Ericsson Raises Stake in LG-Ericsson Joint Venture to 75%

Ericsson AB, the world’s largest maker of wireless networks, increased its stake in a venture with LG Electronics Inc. to 75 percent to expand its presence in South Korea.

Ericsson boosted its share in Seoul-based LG-Ericsson from 50 percent, the Stockholm-based manufacturer said in a statement today, without disclosing financial details. Ericsson bought Nortel Networks Corp.’s share of LG-Nortel Co. in 2010 for $242 million in cash.

Ericsson had “basically no market share” in the mobile industry in South Korea, Asia’s third-largest market for wireless investments, before entering the partnership, Chief Executive Officer Hans Vestberg said last year. The Swedish company entered in time to gain contracts for so-called fourth-generation networks with all three major Korean operators, including the LG U+ brand controlled by Seoul-based partner LG.

“Korea is one of the top telecom markets globally so it’s a good market to be in,” said Haakan Wranne, a Stockholm-based analyst at Swedbank Markets. “It makes sense that they would strengthen their position, and now they will give back a little less in minorities to LG.”

Ericsson rose 0.5 percent to 67.5 kronor as of 10:20 a.m. in Stockholm. The additional stake will probably add less than 1 percent to earnings per share, Wranne said.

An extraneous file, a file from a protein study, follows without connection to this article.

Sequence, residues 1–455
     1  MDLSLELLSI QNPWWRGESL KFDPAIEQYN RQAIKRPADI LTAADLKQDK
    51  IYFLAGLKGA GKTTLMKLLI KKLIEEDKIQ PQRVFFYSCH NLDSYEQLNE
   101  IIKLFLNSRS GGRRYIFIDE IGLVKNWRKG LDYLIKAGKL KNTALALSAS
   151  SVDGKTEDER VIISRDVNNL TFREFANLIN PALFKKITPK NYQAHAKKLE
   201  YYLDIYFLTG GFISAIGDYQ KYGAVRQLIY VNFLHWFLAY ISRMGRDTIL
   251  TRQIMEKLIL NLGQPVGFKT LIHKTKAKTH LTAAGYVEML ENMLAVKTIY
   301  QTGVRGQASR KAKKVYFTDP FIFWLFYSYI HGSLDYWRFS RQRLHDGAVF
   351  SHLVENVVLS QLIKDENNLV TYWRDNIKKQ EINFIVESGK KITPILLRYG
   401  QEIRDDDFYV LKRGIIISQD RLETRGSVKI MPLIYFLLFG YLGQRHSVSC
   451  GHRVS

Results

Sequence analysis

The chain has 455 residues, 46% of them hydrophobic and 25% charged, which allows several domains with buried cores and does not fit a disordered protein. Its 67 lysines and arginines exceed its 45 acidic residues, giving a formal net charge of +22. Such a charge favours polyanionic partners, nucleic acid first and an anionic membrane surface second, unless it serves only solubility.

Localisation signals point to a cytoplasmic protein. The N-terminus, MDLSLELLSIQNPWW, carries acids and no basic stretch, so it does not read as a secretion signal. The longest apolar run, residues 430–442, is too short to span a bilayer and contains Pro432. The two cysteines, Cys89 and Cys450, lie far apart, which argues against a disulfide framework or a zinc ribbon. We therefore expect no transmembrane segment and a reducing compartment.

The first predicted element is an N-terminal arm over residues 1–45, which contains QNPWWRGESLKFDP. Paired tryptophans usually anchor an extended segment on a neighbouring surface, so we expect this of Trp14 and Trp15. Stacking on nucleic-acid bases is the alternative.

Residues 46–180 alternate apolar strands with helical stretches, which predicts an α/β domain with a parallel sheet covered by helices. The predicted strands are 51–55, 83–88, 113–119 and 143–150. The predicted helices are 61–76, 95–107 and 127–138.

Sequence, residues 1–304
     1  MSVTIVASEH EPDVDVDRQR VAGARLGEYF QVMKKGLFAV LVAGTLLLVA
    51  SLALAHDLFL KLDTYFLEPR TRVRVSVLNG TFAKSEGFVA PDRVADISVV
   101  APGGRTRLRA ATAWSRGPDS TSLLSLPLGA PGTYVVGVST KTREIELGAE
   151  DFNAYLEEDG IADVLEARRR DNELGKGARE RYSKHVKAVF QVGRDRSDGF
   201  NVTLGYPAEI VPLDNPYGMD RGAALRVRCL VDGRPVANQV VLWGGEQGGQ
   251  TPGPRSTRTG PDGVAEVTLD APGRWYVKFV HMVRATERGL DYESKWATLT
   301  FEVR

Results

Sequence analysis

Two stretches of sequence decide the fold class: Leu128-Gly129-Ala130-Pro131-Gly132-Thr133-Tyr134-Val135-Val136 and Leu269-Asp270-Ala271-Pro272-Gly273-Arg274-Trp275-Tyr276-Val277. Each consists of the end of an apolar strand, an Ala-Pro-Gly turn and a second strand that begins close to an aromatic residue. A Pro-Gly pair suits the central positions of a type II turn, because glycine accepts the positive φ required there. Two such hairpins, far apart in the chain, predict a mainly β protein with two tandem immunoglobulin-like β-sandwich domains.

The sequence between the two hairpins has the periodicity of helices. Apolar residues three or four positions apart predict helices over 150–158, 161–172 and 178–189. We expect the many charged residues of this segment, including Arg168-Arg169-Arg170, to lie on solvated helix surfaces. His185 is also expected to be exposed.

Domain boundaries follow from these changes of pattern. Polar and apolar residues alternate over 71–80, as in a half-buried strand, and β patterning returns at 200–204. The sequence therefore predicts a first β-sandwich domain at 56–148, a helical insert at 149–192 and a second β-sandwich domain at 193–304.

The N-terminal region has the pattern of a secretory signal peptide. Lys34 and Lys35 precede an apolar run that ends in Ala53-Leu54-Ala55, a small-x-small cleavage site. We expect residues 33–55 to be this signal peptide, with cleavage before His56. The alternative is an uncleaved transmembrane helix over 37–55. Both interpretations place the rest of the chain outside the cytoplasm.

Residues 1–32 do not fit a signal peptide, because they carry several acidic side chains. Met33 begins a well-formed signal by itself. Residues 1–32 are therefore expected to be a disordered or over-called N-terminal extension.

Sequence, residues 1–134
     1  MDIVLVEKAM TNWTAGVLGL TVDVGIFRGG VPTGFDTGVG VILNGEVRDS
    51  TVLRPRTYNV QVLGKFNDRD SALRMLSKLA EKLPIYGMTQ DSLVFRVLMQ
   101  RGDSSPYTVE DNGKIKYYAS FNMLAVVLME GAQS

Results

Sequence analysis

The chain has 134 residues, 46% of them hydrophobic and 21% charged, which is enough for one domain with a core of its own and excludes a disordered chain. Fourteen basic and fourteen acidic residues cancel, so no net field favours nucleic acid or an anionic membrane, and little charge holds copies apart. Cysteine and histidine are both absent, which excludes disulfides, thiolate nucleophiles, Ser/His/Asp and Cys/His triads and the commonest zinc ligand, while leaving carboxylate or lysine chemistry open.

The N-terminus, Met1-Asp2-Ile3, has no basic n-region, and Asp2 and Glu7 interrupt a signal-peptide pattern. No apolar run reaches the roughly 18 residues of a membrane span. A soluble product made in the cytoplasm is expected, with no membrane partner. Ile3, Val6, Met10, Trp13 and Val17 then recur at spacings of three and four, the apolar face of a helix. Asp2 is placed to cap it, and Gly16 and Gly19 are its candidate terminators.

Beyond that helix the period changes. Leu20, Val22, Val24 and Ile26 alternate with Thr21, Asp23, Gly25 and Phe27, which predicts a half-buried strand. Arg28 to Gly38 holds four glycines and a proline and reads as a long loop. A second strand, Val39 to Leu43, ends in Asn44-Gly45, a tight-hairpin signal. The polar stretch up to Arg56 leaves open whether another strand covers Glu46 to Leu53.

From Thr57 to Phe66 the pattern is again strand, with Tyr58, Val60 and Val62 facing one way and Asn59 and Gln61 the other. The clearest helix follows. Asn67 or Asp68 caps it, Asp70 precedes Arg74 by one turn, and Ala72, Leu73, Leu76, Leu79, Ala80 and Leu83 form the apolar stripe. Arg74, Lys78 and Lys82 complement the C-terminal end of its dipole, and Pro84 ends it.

“We are very happy with the investment and our position in the Korean market, and that’s the rationale for increasing the stake,” Tobias Gyhlenius, an Ericsson spokesman, said by telephone. He declined to discuss the purchase price.

Carrying Value

The carrying value of Ericsson’s 50 percent stake in the partnership was 1.94 billion kronor ($289.9 million) at the end of 2011, according to the Swedish company’s annual report.

The venture, which has 1,300 employees, sells Ericsson products and services in South Korea. About 700 of them work on research and development of third-generation and fourth-generation wireless technology, Gyhlenius said.

Revenue for LG-Ericsson was about $1.3 billion in 2008 as third-generation network buildouts peaked, and between $600 million and $650 million in 2009, Ericsson said in 2010. The Swedish company doesn’t report separate figures for consolidated businesses.

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